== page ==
Les Miles is 3-3 against Nick Saban since the Megatron of a coach took the job at Alabama. His three wins are two more than any other coach has over Saban and his Crimson Tide squads. Given the amount of losing and 0-fer records against Nick Saban's team, the .500 mark ain't half bad for Ol' Leslie Edwin Miles.
So, what makes him so successful? How does Les Miles do it? What's his trick?
Ha, there isn't one.
Don't chalk this up to Miles being "The Mad Hatter" or his risky, gimmicky play as the reason behind his victories—that isn't it. There is no secret recipe to beating Alabama.
In fact, just last week we laid out a blueprint to beating the Tide. Les Miles, like the other coaches who got one over on Nick Saban, follows it to a tee.
LSU is one of the top four or five jobs on the college football landscape. The Tigers are in a unique position to recruit their own talent-rich state, but they also mine Mississippi and Texas (towards Houston) for the cream of the crop. That means LSU has a roster that's every bit as good as Alabama's.
In those three victories that Miles has over Saban, check out how many players end up in the NFL, often as high draft picks.
If you're wondering how he does it, start at the broad level by recognizing Miles has an elite football team. They may not always play like it (see Ole Miss, 2009) but the talent in Red Stick is enough to make most coaches across the nation drool.
To narrow that scope, let's get specific. The LSU team, led by Les Miles, is built in the same mold of Alabama. It's a tough football team that can stand in the ring and go 60 minutes with the Crimson Tide. The Tigers have defensive linemen for days in their front four. Elite bodies that can run, and because of the depth, they are able to rotate in fresh impact players at will.
The linebackers are workhorses—guys that show up and get the job done. The real stars that pair with the front four are the back-end guys. LSU's secondary affords it as much wiggle room as its depth up front. Talent at the safety and cornerback spot allows the LSU to play man coverage, dedicate an extra defender to stopping Alabama's rushing attack and dare the quarterback to throw.
It must be stated that in 2007, year one under Nick Saban, the Bayou Bengals were a flat-out better team, and Matt Flynn guided them to a close 41-34 victory. For real insight into the wins, look to 2010 and 2011. On offense, we know they've run the football well; the real kicker has been how they have forced Alabama's hand in terms of what coverages and looks the Crimson Tide played.
That's where Jordan Jefferson comes into play. He is the guy who put LSU, and Les Miles, over the hump. Yes, the same much-maligned and now in legal trouble quarterback that people still idiotically think cost LSU the title game is the reason they beat Alabama twice in two seasons.
Jefferson, as a run threat at quarterback, forced the Tide to play more Cover 2, eyes-front defense. Eleven sets of eyeballs watching to see if Jefferson broke contain. Eleven sets of eyeballs watching to see if Jefferson was going to run option, looking to see if he stepped through a gap in the middle to pick up some yards.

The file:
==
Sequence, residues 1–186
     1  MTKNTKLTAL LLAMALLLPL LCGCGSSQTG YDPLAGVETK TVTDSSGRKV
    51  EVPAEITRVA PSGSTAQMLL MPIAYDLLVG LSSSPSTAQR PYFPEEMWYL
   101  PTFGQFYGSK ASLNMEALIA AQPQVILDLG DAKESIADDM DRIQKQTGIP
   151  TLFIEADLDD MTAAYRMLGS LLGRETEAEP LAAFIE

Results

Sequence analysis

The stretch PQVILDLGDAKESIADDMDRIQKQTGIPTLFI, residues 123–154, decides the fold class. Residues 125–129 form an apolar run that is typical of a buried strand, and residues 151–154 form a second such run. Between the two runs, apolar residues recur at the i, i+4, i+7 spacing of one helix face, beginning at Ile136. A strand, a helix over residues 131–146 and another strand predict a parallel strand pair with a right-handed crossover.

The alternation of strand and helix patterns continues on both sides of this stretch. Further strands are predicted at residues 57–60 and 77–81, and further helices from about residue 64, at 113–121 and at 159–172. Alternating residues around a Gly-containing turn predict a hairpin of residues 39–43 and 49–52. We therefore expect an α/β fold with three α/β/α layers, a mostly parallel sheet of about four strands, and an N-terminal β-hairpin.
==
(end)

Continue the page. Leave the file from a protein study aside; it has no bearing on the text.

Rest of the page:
Jefferson also changed how the Tide played and practiced. They had to spend time working on option responsibilities, controlled rushes and corralling the quarterback, not barreling down on him like a bat out of hell to get a kill shot. In games, that translates to a more blockable pass rush and far fewer exotic pressures.
More vanilla defensive play makes things easier on the entire offense. Eyeballs following the possibility of a scrambling quarterback helps receivers find holes in zones. Hitting guys in the seams created by the defense is something Jefferson did just enough to walk out of Baton Rouge with a 2-2 record against the Crimson Tide.
Coaches, like quarterbacks, often receive too much of the blame when their team loses and too it of the credit when their team wins. Les Miles was not exactly playing the conductor of a beautiful football symphony; his team had the horses to get the job done.
Hats off to Miles for recruiting those guys, but hats off to them for taking the beating and coming out on top a couple times.
Speaking of beatings, let's look at this year. If Miles wants to be the coach that people believe he is, he better find an answer at the quarterback spot. Zach Mettenberger sitting back behind a far-from-stellar pass-blocking offensive line is not the answer. Not the answer for Miles, who will see that record against Saban dip below .500 for the first time since 2009.
Not the answer for LSU, a team trying to claw its way back into BCS Championship contention. And, certainly not the answer for Zach Mettenberger, a guy who shouldn't be left sitting in the pocket like a piñata for the Tide to beat on.
We'll see how much Les Miles has to do with LSU's success against Saban. If the Tigers pull this one out, the coaching staff will deserve plenty of credit, because nothing they've shown to this point in the season makes things look promising heading into Saturday.